The Best Off-Label Uses For Sushi Ginger

Photo: Claire Lower

I am an absolute fiend for pickled ginger. I always order extra, not for eating with my sushi, but for after I have eaten my sushi. The spicy sweet slices are a perfect stomach-settling end to a meal and if you plan on getting dessert, they make a great palate cleanser.

This Ginger Dressing Tastes Exactly Like It Came From A Japanese Restaurant

I am obsessed with ordering side salads at sushi restaurants. Not because I feel the need to keep my body running with leafy greens, but because I love that damn ginger dressing.

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After one food delivery fiasco left me without any extra, I have been buying jars of the stuff, ensuring there is never a shortage. This abundance of giri has had me munching on slices throughout the day, as well as putting it in any and everything I can think of. Here are some of my favourite, non-sushi uses for sushi ginger:

  • Blend it into store-bought dressings and sauces: Use it to add sweetness and oomph to condiments you may have grown tired of. Are you bored with plain ol' peanut sauce? Blend half a cup of it with 25g or so of pickled ginger to help you fall in love again. (Do not do this with ketchup.)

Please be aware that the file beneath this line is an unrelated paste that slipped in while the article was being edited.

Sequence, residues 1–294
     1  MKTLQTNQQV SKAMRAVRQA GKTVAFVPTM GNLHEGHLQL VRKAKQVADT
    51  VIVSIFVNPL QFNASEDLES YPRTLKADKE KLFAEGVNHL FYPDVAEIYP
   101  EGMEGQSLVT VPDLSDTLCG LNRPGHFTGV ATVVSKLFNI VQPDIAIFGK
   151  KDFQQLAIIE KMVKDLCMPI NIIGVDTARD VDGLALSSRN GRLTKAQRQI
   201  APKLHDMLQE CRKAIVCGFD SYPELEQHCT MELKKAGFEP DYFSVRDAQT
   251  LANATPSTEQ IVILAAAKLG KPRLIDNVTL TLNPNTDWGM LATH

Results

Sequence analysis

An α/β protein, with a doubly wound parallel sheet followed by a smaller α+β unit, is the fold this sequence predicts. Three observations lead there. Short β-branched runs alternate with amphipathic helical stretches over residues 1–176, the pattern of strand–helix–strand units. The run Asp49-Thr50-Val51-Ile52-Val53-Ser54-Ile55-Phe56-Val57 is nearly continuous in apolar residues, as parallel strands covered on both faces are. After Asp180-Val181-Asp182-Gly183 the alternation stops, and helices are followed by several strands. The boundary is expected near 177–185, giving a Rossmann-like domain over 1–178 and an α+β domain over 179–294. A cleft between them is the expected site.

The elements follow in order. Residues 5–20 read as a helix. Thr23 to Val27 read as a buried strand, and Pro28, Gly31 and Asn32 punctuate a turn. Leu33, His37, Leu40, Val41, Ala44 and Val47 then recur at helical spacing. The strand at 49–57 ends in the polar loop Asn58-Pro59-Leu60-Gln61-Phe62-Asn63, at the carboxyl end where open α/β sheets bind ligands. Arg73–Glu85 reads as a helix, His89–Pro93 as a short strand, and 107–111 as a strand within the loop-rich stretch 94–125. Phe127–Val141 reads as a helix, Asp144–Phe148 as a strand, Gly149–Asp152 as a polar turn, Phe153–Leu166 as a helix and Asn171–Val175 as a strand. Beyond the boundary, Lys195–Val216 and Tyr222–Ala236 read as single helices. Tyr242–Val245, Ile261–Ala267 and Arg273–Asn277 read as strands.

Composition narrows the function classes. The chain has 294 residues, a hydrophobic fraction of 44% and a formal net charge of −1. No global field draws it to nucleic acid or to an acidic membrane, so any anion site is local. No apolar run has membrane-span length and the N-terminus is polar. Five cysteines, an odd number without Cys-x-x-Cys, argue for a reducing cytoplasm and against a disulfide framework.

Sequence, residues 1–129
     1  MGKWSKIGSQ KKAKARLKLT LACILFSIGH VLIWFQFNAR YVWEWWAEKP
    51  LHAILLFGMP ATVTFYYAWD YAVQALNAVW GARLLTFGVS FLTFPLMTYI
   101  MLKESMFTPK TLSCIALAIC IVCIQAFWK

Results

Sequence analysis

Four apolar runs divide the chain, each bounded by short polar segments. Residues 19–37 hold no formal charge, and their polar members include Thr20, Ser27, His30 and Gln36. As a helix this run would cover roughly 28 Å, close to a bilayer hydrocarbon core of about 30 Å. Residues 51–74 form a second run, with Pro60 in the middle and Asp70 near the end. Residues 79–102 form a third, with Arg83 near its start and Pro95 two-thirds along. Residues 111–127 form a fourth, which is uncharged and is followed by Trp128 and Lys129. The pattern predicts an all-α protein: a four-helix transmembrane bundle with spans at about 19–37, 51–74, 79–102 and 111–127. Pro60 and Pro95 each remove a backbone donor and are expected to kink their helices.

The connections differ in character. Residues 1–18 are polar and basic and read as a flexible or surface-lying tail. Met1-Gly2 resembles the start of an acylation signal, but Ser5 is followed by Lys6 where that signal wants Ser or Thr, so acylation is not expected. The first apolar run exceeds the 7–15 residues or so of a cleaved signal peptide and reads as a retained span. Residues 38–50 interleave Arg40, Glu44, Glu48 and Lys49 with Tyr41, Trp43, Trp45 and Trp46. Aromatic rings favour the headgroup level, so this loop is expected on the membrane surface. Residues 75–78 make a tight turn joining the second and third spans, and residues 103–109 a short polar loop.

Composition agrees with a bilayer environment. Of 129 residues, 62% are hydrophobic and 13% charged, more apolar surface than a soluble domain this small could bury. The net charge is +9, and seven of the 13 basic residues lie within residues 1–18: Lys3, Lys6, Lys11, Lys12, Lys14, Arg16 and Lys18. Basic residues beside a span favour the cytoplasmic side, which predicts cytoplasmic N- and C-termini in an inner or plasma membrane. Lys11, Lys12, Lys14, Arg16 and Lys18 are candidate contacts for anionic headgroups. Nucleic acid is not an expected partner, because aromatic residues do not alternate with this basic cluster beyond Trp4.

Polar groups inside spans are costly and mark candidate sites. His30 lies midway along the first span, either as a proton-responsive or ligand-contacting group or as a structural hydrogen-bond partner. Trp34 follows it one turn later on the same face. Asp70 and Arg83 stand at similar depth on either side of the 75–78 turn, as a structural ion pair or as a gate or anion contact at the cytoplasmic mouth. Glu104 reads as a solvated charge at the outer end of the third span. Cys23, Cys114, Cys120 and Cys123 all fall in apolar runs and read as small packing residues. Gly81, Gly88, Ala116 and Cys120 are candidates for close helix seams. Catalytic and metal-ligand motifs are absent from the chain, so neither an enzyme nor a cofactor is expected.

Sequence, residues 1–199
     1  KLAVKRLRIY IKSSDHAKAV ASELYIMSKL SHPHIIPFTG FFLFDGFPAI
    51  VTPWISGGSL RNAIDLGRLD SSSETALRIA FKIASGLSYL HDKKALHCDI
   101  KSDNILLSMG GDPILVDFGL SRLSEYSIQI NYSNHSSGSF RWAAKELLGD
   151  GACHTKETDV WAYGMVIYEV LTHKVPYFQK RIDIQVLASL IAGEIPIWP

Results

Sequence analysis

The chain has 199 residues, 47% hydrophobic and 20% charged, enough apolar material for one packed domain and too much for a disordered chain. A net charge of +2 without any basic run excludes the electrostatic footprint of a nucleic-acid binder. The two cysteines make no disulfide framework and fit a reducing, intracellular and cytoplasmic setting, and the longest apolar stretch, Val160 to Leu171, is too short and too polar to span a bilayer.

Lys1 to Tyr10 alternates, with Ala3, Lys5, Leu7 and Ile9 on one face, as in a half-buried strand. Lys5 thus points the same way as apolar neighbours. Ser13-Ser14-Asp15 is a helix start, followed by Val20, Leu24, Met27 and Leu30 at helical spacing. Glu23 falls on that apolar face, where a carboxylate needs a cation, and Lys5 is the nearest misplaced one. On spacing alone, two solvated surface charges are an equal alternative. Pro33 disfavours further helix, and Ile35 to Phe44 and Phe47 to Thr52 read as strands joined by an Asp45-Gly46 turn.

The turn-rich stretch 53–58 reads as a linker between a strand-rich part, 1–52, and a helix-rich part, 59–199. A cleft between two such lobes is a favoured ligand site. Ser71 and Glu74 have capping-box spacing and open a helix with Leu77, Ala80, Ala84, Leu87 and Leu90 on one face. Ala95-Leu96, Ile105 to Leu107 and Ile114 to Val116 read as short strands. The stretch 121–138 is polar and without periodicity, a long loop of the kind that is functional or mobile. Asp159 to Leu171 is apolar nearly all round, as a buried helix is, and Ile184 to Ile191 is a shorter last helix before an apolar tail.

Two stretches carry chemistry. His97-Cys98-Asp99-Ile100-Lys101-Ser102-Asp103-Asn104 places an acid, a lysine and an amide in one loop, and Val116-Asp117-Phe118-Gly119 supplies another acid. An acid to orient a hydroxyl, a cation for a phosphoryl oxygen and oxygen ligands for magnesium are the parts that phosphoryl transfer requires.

• Put it in salads and sandwiches: It is, after all, a pickle and sandwiches need pickles. Pickled ginger is terrific with chicken, turkey and (surprisingly) roast beef. For salads, cut the slices into shreds and them toss with tuna salad, chicken salad, or a big pile of greens.

  • Make this restaurant-worthy ginger salad dressing: All you need is giri, soy sauce and toasted sesame oil.

  • Marinade meat with it: Blend a jar of pickled ginger into a paste, mix it with a little soy sauce or miso, perhaps a little cheap beer and slather the mixture on some pork, chicken, or beef to tenderize and flavour.

  • Splash a little brine into a cocktail: Did you know you can make a dirty martini with any brine you like? You can; I'm giving you permission. A dirty ginger martini is divine, is what I'm saying.

You can also do what I do and just eat the slices straight from the jar, dipping them in a little soy sauce for a salty sweet snack. Or you could not do that; some people find it off-putting.


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